Director Riley Stearns' strange and seething satire "The Art of Self-Defense" is a pitch black comedy for the modern era, coming at a time when our culture continues a long overdue conversation about identity, masculinity, and violence.
The film tells the story of milquetoast office worker Casey (Jesse Eisenberg). An awkward bundle of insecurities, Casey lives a rather drab existence. Residing in a nondescript apartment (which production designer Charlotte Royer layers with endless shades of brown and tan) in an anonymous city, he appears to have few friends and no social life to speak of. His co-workers completely ignore him at best, and at worst outright despise him. The only bright spot in his life is his beloved -- and adorable -- dachshund.
Then one night he's attacked at random, beaten and mugged by a band of masked thugs on motorcycles. The assault leaves him bruised, broken, and fearful of the world outside his apartment walls. Seeking a way to feel safe again he takes an exploratory trip to a gun shop, but it doesn't go as well as he'd hoped. Things seem hopeless until Casey happens upon a karate dojo run by the enigmatic Sensei (Alessandro Nivola).
Charismatic and supremely confident, Sensei has very specific ideas of what it means to be a man. He preaches a take-what-you-want attitude, in which power belongs to the one who can punch the hardest. It's an ideology reflective of the alpha/beta worldview that a certain type of men still subscribe to. But Casey falls under its sway, submerging himself in this world of hypermasculinity with a fraternity of other male rejects.
The lone woman in this odd environment is Anna (a wonderful, ferocious Imogen Poots), a brown belt who teaches children's karate class. Considering his beliefs about men, it's perhaps not surprising to learn that Sensei also has some fairly misogynistic beliefs about what it means to be a woman too. He treats Anna with contempt, seeing her as biologically inferior. And Anna for her part has internalized so much of his teachings that even as she rages at her gendered treatment, she still finds herself craving his validation.
Casey doesn't necessarily subscribe to Sensei's feelings about women, but the ritualistic nature of Sensei's brand of instruction appeals to him. He seems to be the answer Casey's been searching for, offering some place to channel all the pain and frustration he's been feeling.
His loneliness and insecurity lead him to desperately cling to a group where he finally feels like he belongs. He's been afraid for so long that he believes the answer is to become that which he fears. Casey works his way up to yellow belt with remarkable speed, and Sensei soon extends him an invitation to the exclusive night class, where things take an even darker turn. Even as things get progressively stranger, there's a sense of inevitability to the ultimate destination of this story.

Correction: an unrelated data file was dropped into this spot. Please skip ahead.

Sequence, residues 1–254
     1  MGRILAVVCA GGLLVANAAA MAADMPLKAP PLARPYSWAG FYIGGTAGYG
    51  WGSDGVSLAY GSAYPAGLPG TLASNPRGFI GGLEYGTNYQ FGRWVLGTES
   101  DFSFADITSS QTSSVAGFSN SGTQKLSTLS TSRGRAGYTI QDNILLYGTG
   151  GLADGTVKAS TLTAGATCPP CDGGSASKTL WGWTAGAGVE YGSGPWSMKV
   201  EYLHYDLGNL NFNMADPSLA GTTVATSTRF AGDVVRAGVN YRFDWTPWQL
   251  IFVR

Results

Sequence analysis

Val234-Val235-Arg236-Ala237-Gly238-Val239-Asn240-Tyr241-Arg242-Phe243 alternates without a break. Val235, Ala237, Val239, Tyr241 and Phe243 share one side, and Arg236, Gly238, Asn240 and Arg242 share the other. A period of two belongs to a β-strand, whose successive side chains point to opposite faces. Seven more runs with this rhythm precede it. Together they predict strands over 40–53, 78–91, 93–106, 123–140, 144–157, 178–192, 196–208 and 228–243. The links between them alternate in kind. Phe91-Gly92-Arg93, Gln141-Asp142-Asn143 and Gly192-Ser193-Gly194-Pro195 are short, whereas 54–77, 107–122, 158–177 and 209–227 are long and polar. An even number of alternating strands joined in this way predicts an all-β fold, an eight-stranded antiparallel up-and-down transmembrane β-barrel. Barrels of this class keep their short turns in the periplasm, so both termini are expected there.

The film seems likely to earn the ire of those who actually practice the art of karate, though the unorthodox methods of Nivola's character suggest fairly early on that this is clearly not a properly accredited and sanctioned dojo. Riley isn't interested in presenting a realistic portrayal, but rather using that world to explore the underlying ideas of manhood.
"The Art of Self-Defense" is just one of a recent spat of films that probe the idea of masculinity, including most recently the sunny horror film "Midsommar." And much like that film, it also functions as an examination of both the danger and the appeal of cults. That subject was also the focus of Stearns' previous film "Faults," and it's one that clearly interests the director. His films have a curiosity about how and why people might willingly fall under their sway.
The filmmaker invests the story with the dark, deadpan humor of a Yorgos Lanthimos joint. Like that Greek director, Sterns' characters talk in full declarative sentence, bluntly speaking their minds with little regard for how their words will be received. And that droll comedy finds its punctuation with bursts of graphic, brutal violence.
Peculiarly, the film is ambiguous about the time period in which it's set. It's filled with analog technology: VCRs, clunky camcorders and large, boxy answering machines. When Casey steals a nudie magazine from a co-worker, he has to photocopy its pages to look at when he gets back home. That ambiguity is an interesting choice visually, but combined with the arch tone, the lack of specificity has the effect of dulling the impact of its satire.
But there's still plenty of bite to the film. "The Art of Self-Defense" digs into the bubbling anger that forces a person to cling to an identity forged in aggression and violence; where domination is a methodology for living. In the end, the film's truly at its best when it makes its laughs hurt.